As advisers, we all know that it’s best practice to keep very detailed file notes after conversations with clients. This has always been a challenge, whether we’re talking about the most senior people in the firm or junior staff members who have interactions with clients.
Why is taking a file note so difficult for many of us?
There are two issues. If you take detailed notes during the conversation are you really listening that well to the speaker? Whether that’s over the telephone, on a web meeting, or face-to-face.
On the other hand if you just take notes pen-on-paper what do you do with those notes afterwards? Will you scan them into the document management system and file them under the contact? If you’re extremely disciplined you will, but many of us lack the discipline or the time to do that in the middle of a busy day.
A technique that’s been working really well for us in here at Paradox is rather than typing notes into our CRM system during a web meeting, for example, we just take notes pen-on-paper as we go. Then, after the meeting rather than type all of those notes out into the CRM, dictate our thoughts while it’s still very fresh in the adviser’s mind into a voice-to-text app (we use Dragon Dictate). We can then ‘Select All’ the text and paste it into our CRM as an extremely detailed file note.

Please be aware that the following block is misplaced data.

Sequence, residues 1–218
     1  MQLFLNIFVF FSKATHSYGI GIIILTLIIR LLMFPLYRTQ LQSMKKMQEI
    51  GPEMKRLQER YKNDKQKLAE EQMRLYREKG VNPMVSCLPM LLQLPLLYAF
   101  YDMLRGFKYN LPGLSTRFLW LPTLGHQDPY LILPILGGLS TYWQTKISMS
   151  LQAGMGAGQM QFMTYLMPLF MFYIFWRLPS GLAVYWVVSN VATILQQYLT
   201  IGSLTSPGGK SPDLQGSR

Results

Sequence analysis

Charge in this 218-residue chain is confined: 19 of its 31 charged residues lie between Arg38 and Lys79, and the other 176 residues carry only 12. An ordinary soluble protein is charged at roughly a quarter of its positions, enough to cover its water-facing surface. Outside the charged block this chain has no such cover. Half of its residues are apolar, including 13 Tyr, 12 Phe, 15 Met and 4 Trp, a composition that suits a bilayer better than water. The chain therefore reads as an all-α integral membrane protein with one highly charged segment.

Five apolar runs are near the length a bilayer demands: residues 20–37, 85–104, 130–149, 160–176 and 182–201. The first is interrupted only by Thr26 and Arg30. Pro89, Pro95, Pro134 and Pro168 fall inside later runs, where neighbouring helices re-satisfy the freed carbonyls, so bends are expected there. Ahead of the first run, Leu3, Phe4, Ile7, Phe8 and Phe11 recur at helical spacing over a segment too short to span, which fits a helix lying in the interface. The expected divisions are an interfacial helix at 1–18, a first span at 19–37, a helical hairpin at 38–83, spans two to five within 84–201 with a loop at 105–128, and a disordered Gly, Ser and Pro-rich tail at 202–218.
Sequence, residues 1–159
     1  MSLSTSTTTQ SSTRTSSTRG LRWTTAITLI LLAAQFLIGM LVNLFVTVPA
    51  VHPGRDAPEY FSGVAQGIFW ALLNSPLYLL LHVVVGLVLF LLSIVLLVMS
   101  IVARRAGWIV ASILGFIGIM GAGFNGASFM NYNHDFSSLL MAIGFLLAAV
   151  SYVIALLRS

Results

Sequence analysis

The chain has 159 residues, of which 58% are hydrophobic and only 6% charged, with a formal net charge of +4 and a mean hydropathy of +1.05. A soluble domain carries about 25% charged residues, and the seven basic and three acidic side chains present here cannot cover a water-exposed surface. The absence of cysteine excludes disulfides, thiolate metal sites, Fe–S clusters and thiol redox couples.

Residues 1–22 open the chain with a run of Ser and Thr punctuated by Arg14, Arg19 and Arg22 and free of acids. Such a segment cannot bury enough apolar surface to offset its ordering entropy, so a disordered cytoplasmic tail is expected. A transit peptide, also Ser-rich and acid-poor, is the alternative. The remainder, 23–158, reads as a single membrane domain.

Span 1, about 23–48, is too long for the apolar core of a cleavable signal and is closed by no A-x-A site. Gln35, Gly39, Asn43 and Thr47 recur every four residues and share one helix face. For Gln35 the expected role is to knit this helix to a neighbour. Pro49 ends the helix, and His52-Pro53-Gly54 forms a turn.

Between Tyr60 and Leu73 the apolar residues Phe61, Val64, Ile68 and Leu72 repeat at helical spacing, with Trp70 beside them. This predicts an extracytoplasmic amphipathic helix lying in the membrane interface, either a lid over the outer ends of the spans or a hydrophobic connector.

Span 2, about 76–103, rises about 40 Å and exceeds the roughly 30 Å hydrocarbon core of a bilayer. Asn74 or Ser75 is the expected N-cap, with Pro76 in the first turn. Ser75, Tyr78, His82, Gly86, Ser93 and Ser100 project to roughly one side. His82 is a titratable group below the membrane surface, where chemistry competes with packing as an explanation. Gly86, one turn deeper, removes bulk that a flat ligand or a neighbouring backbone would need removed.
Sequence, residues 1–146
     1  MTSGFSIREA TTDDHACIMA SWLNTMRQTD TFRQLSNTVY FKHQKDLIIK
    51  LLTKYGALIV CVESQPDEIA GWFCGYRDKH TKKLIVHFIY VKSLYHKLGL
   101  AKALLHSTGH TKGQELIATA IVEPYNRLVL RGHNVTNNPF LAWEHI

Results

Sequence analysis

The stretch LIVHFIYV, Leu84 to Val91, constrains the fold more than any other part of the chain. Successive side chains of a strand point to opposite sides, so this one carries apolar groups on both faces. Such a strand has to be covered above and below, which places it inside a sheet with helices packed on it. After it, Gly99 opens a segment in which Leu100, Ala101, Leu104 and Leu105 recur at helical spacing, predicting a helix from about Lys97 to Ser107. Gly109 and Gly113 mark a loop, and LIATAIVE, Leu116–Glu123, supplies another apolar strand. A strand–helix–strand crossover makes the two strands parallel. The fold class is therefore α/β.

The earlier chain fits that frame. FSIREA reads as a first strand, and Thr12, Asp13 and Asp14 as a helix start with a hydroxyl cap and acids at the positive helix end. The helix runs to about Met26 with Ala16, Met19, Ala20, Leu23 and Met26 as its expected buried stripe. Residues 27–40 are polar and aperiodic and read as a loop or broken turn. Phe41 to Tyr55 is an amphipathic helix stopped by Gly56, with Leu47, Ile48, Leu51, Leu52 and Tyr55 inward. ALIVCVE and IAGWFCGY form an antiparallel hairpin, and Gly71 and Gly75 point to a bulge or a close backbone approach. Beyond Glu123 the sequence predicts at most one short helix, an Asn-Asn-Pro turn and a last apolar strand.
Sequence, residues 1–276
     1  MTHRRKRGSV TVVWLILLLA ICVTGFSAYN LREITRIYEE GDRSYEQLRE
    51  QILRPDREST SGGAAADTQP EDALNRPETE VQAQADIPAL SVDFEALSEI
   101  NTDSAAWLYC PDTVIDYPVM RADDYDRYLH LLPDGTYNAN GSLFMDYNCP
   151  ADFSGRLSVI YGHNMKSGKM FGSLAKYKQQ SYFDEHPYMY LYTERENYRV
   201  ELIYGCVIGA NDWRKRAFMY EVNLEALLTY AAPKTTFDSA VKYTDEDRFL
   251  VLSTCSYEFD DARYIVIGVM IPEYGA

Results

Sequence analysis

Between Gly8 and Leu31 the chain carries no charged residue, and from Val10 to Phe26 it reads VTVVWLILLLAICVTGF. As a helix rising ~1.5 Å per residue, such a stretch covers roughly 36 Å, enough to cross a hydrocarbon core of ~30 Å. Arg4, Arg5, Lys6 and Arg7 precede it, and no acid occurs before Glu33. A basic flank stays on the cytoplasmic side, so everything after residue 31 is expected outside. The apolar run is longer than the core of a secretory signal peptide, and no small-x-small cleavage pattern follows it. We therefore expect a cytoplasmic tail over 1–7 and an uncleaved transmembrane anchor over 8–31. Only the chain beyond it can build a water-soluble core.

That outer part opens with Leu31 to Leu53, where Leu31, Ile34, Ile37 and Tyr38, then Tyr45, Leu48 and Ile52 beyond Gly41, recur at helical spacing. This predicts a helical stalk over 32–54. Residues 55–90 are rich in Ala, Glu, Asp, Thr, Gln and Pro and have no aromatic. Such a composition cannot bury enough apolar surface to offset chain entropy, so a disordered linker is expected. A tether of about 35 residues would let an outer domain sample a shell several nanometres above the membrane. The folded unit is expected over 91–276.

This helps us and any other colleagues next time someone looks into the system to see what’s happening with that client. Dragon Dictate doesn’t get everything perfect, but it does quite an amazing job these days.
You can go through and tidy up any misinterpretations, misspellings or incorrect capitalisation in the file note.
My advice is to just fix the words that are utterly wrong and to not get too caught up in capitalisation and correct punctuation. Otherwise you’ll lose the enormous time savings are available to you by dictating your file notes.
So what about you? Are you using any dictation software? If so, in what context are you using it? I’d love to know. Share your comment below.
This is an edited version of a post that appeared on the Practice Paradox blog.